For the iTRAQ analysis, whole blood of six UM+ and six M− clinically staged CLL patients was obtained from Ghent University Hospital, Department of Hematology. Informed consent was given according to the requirements of the Ethics Committee of the Ghent University Hospital. PBMCs were isolated from a Ficoll-Paque (GE Healthcare, Waukesha, WI, USA) density gradient, B-cells were purified using Dynabeads Untouched Human B (Life Technologies, San Diego, CA, USA). Correspondingly, control samples were isolated from healthy volunteers aged 50+. For the high throughput screening of cH2A, samples were obtained from the UCSD CLL Research Consortium (CRC). Immediately after thawing, cells were washed twice with cold PBS containing 1 mM phenylmethanesulfonyl fluoride (PMSF) and protease inhibitor cocktail (Roche, Basel, Switzerland). CD5+CD19+ cells consistently made out more than 85% of the lymphocyte population as seen by flow cytometry.
4.3. Flow Cytometry
For each measurement 2 × 105 cells were washed twice at 4 °C with PBS 1% Bovine Serum Albumin (BSA) and analyzed using a Cytomics FC500 flow cytometer (Becton Dickinson Immunocytometry Systems, San Jose, CA, USA) with monoclonal antibodies (mAbs) antibodies from BD-Biosciences (Franklin Lakes, NJ, USA): Isotype controls, anti-CD5 (PECy5), anti-CD19 (FITC), anti-CD33 (PECy5), anti-CD66b (FITC) and anti-Annexin V (FITC). The synchronization of THP-1 cells was monitored with Propidium Iodide staining.
4.4. Cell Lysis and Histone Isolation
All steps were performed at 4 °C. To obtain a complete cell lysate for the iTRAQ analysis, cells were washed twice with PBS, pelleted and resuspended in the ReadyPrep sequential extraction buffer 1 at 5 × 106 cells/mL, supplemented with protease inhibitor cocktail (Roche), 1 mM PMSF, 10 µL 200 mM Tributylphosphine (Biorad), 20 µL phosphatase inhibitor cocktail 1 and 2 and 1 μL 250-units/µL benzonase. After sonication and centrifugation at 1500 rpm for 5 min, the proteins in the supernatant were transferred to a new eppendorf. The obtained pellet was resuspended in buffer 3 from the extraction kit and sonicated for 10 min. After centrifugation at 1500 rpm for 5 min the supernatant was pooled with the previous extract. Detergents, inhibitors and urea were removed by washing twice with Milli-Q water on a Vivaspin-2 column.
For the histone extracts, harvested cells were washed twice in PBS containing 1 mM PMSF, and protease inhibitor cocktail. 107 cells/mL were resuspended in Triton extraction buffer (PBS containing 0.5% (v/v) Triton 100×, 1 mM PMSF and protease inhibitor cocktail) and lysed by gentle stirring. Pelleted nuclei were subsequently washed in PBS containing 1 mM PMSF and proteinase inhibitor cocktail. Histones were extracted overnight after benzonase treatment of the sonicated nuclei by acid extraction: incubation in 250 µL 0.2 M HCl at 4 °C with gentle stirring. Precipitated proteins were pelleted and the supernatant containing the histones was dried and stored at −20 °C until further use. The Bradford Coomassie Assay determined the protein content of all samples.
4.5. Western Blot Analysis
An amount of 3 µg of a dried histone extract was suspended in Laemmli buffer and run on a 15% PreCast Gel (Biorad) for 30 min at 150 V and 60 min at 200 V and subsequently transferred to a nitrocellulose membrane in a 10 mM CAPS buffer with 20% MeOH (Merck, New York, NY, USA). The remaining proteins in the gel were visualized after overnight Sypro Ruby staining. For Western blot, all steps were performed at room temperature with intermediate washing steps in 0.3% Tween-20 in PBS. The Histone H2A (LS-C24265, LifeSpan BioScience, Seattle, WA, USA) antibody incubation was performed overnight in a 1:1000 dilution in PBS 1% BSA, followed by 1 h incubation in the same buffer, with a stabilized horseradish-peroxidase (HRP)-conjugated goat anti-rabbit immunoglobulin G (Pierce, Rockford, IL, USA). The Supersignal West Dura Extended Duration Substrate (Pierce) was applied to perform the chemiluminescence and both the gel and Western blot membrane were visualized with a VersaDoc Imaging System.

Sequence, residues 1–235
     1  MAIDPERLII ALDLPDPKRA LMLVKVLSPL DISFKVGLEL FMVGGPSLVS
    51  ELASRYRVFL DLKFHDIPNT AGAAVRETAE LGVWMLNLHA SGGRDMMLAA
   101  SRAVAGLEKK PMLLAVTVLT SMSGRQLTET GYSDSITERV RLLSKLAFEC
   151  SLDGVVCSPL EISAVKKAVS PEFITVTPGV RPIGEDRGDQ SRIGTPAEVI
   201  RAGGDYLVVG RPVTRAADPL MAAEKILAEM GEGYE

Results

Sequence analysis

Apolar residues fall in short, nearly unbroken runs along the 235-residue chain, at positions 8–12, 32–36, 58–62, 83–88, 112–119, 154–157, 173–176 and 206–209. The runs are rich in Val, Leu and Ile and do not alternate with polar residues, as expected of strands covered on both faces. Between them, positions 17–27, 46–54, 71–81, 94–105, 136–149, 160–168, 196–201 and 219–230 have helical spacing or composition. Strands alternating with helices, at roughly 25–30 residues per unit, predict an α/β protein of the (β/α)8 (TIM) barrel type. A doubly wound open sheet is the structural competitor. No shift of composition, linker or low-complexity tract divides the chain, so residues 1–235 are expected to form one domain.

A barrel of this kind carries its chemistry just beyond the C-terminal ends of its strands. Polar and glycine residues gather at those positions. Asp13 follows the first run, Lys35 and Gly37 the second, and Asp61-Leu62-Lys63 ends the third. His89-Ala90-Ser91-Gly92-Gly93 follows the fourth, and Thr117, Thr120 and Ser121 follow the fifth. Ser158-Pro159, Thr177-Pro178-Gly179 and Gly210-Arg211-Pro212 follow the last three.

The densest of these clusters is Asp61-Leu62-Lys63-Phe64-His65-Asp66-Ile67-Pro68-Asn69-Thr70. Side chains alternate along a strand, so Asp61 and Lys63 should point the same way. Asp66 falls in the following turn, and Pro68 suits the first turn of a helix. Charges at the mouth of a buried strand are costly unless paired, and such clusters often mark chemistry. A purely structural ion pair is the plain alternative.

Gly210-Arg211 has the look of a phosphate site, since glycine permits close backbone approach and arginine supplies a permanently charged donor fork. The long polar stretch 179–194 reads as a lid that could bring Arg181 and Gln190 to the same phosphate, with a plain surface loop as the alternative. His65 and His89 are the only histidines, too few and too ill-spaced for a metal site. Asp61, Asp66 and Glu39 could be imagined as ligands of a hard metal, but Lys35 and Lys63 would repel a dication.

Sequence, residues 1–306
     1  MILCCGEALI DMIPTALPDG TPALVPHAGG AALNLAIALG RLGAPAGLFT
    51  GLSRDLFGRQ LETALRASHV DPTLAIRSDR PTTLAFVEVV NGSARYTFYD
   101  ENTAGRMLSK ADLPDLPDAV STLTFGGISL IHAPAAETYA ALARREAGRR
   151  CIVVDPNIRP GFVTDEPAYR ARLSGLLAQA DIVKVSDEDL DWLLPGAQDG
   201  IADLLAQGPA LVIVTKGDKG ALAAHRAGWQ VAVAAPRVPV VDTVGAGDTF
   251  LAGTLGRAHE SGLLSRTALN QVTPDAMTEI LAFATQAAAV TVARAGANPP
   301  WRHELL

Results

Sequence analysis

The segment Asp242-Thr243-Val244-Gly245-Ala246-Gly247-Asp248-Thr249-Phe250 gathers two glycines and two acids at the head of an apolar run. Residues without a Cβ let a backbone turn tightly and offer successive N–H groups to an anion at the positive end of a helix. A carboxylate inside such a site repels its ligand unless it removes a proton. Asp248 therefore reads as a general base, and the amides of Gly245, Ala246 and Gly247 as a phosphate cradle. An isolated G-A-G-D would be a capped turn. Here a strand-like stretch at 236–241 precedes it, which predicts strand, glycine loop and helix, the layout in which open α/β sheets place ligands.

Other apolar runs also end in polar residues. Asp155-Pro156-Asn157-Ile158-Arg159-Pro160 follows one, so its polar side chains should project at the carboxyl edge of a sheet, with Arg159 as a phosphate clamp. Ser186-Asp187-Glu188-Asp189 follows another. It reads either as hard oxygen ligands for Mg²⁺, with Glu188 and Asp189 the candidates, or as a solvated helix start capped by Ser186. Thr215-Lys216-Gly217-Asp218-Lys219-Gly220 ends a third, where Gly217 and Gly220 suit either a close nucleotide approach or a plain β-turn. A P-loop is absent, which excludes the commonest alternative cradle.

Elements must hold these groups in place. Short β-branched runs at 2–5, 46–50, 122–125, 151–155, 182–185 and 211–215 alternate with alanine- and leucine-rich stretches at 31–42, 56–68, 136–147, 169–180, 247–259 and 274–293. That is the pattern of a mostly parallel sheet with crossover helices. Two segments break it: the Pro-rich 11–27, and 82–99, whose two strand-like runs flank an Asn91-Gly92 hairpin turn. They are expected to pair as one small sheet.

4.6. Quantitative Mass Spectrometry Analysis
All digests were performed according to the iTRAQ (ABSciex, Foster City, CA, USA) reagent Kit guidelines, as was the given labeling itself. For the iTRAQ analysis, six 4plex runs each encompassed 4 × 100 µg of the protein lysates from CLL B-cells from UM+, M− and B-cells from healthy donors aged 50+. The fourth label was used for an additional pool of all 12 CLL samples for inter-run comparison and to increase the number of identifications. Technical variation was also minimized by reversing the labeling order. All six samples were first fractionated off line into 12 fractions on a Poros 10S strong-cation exchange (SCX) column (300 μm i.d. × 15 cm, ABSciex, Foster City, CA, USA) for subsequent nano reversed phase liquid chromatography (Dionex U3000, Dionex, Chelmsford, MA, USA) separation on a gradient specifically optimized for sample content of each fraction . All other samples were separated on a 70 min organic gradient from 4%–100% buffer B (80% (v/v) acetonitrile (Millipore, Billerica, MA, USA) in 0.1% (v/v) FA). All samples were analyzed on an Electrospray ionization—Q-TOF Premier (Waters, Wilmslow, UK). Data was searched against the SwissProt (541,954 sequence entries) database using Mascot 2.3 and additionally manually interpreted with Mascot Distiller (Matrix Science, London, UK). Proteins were included for the analysis if a proteotypic peptide had a Mascot score above 45 in at least 3 runs. For iTRAQ quantitation, ratios were normalized based on summed intensities and only proteins recurring in at least three out of six different runs were withheld by an automated in-house approach. Gene ontology (GO) analysis was performed on the significantly up- or down-regulated proteins with Uniprot, DAVID and the WEB-based GEne SeT AnaLysis Toolkit (WEBGESTAT) [23,24,25].